16 “Progressive” Jewish Thought and the New Anti-Semitism

tolerated minority. In promoting such an obsolescent scheme, which would spell an end to a territorially-based Jewish national existence, Judt, as Benjamin Balint persuasively argues, unwittingly aligns himself with older forms of Christian opposition to Jewish particularism: “Israel is merely the new ground upon which the old battle over Jewish distinctiveness is being waged.”15 Nevertheless, Judt has his followers, and talk of dissolving the Jewish state and replacing it with a binational state is once again in the air in certain intellectual circles.

Collections of Critics For an exposure to the full range of such sentiments, one could hardly do better than to consult two recently published collections: Wrestling with Zion: Progressive Jewish-American Responses to the Israeli-Palestinian Conflict, edited by Tony Kushner and Alisa Solomon (New York: Grove Press, 2003) and Radicals, Rabbis and Peacemakers: Conversations with Jewish Critics of Israel, edited by Seth Farber (Monroe, ME: Common Courage Press, 2005). Liberally sprinkled through the pages of the first of these books are references to Israeli “apartheid,” “racism,” “colonialism,” and “ethnic cleansing.” These descriptors have become part of standard discourse among “progressive” American Jews, who seem to take for granted that the historical record shows Israel to be an aggressor state guilty of sins comparable to those of Hendrik Verwoerd’s South Africa and Hitler’s Germany. As for “Zionism,” gone are the days when it was praised by those on the left as a movement of Jewish national liberation. One contributor, Joel Kovel, a professor at Bard College, who is writing a book on post-Zionist Israel, suggests that Zionism “is equivalent to a form of racism” and is unforgiving that it brought about “the Jewish homeland at the expense of another people” (p. 357). The prominent poet Adrienne Rich proposes that the very word “Zionism” is “so incendiary, so drenched in idealism, dissension, ideas of blood and soil, in memories of victimization and pursuant claims of the right to victimize” that it “needs to dissolve

Collections of Critics 17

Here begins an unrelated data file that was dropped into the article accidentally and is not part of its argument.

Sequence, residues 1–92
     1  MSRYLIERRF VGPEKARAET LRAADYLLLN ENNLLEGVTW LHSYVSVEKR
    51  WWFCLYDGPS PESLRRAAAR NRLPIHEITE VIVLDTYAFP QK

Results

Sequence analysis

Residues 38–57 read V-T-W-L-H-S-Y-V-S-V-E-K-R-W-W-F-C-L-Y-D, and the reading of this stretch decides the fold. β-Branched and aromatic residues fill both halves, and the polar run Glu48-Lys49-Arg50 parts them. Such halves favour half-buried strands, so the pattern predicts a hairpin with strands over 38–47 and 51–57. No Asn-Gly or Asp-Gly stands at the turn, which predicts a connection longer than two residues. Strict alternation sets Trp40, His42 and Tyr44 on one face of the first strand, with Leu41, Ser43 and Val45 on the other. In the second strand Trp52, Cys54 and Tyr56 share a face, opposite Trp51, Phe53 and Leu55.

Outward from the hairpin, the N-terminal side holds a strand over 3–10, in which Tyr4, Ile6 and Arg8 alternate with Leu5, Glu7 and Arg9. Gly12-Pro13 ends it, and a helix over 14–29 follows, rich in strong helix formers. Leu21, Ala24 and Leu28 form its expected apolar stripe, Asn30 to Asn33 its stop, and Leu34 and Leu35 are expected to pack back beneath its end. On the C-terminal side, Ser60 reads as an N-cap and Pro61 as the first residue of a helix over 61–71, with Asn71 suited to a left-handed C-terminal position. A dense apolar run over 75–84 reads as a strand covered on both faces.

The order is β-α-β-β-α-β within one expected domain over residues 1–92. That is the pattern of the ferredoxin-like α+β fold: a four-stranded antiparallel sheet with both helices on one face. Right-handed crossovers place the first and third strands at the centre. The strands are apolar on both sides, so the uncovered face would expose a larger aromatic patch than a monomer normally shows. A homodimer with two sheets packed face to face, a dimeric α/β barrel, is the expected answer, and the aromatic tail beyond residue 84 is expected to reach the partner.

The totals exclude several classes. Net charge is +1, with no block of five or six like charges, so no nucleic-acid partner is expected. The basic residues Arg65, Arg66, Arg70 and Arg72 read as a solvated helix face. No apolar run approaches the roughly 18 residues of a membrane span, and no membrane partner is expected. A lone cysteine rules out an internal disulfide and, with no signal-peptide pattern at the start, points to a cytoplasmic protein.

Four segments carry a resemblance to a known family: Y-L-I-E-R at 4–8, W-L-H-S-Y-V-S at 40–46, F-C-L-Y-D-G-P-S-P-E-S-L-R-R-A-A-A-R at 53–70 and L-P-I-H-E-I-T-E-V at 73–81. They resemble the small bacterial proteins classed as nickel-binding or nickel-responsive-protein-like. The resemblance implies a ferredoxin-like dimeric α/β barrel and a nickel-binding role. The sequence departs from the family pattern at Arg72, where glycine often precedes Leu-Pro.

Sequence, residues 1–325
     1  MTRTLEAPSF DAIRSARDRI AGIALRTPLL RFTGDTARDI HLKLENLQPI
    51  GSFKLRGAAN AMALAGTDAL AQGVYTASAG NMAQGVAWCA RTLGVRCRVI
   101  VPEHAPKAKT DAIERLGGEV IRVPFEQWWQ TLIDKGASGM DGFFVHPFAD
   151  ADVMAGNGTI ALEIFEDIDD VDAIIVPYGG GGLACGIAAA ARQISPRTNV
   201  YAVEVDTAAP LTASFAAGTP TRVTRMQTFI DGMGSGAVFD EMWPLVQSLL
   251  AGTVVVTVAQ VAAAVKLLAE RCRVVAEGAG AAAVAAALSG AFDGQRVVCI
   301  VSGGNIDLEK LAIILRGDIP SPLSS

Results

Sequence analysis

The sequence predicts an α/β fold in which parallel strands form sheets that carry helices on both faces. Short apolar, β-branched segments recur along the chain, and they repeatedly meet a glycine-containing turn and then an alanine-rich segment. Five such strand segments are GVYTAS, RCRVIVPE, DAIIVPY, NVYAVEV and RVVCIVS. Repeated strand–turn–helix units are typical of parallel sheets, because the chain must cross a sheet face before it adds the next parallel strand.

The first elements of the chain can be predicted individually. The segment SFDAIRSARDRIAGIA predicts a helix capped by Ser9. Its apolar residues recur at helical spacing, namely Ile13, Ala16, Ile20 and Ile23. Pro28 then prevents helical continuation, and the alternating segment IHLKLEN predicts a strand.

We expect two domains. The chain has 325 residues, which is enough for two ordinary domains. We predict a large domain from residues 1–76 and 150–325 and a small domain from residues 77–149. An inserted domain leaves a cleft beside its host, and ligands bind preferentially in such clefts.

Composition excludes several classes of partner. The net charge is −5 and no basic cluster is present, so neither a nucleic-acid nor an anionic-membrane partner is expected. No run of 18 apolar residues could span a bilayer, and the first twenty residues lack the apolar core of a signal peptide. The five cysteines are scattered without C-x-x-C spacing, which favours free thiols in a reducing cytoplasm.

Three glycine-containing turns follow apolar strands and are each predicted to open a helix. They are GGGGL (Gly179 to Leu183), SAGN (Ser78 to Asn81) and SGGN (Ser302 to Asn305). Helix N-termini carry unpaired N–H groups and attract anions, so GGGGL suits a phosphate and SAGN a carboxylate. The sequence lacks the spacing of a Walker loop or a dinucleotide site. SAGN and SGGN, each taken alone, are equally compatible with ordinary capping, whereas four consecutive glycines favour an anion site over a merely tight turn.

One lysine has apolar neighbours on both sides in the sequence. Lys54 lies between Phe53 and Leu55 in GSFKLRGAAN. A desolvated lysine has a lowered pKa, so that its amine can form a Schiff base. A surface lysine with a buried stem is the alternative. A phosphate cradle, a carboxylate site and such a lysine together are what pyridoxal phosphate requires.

before twenty-first century realities” (p. 164). She neglects to say precisely what these “realities” are, but inasmuch as she affirms the extraterritorial ideal of “a Jew without borders” (p. 165), it is evident that, for her, the word “Zionism,” along with the whole Zionist project, has served their purpose and should be retired. Still another contributor, Sara Roy, who identifies herself as the daughter of Holocaust survivors, notes that “within the Jewish community it has always been considered a form of heresy to compare Israeli actions or policies with those of the Nazis” (p. 176). Then she proceeds to draw just such a comparison by accusing Israel of replicating Nazi occupation policies. In more condensed form, Irena Klepfisz, a poet and Holocaust survivor, declares that “you can be a victim and also a victimizer” (p.367)—a simplistic charge routinely made by those who wish to blacken Israel’s image in the worst way by drawing unseemly parallels between Jews as victims and those who victimize them. Some of Israel’s Jewish critics are irate at the country for still other reasons: In their eyes, Judaism itself has fallen casualty to Israel’s sins, and the cost to their own religious principles is so high as to render questionable the value of the state’s existence. “I’m not against Israel,” writes Douglas Rushkoff, a New York-based author who writes on media and new culture. His objection rather is to the version of Israel which he sees as “this nationalized refugee camp,” which is “a compromise of Jewish ideals, and not their realization....We get a claim on some land, but we lose our religion in the process” (pp. 181, 182). Daniel Boyarin, a professor of Talmud at the University of California at Berkeley, joins Rushkoff in this critique but goes him one better. Just as Christianity may have died at Auschwitz, Treblinka, and Sobibor, laments Boyarin, so “I fear ... that my Judaism may be dying at Nablus, Deheishe, Beteen (Beth-El), and al-Khalil (Hebron)” (p. 202). As always, the recourse to Holocaust parallels is a sure sign that lucid thinking has been replaced by bias. In this case, as in others, Jewish identity is affirmed in opposition to the Jewish state.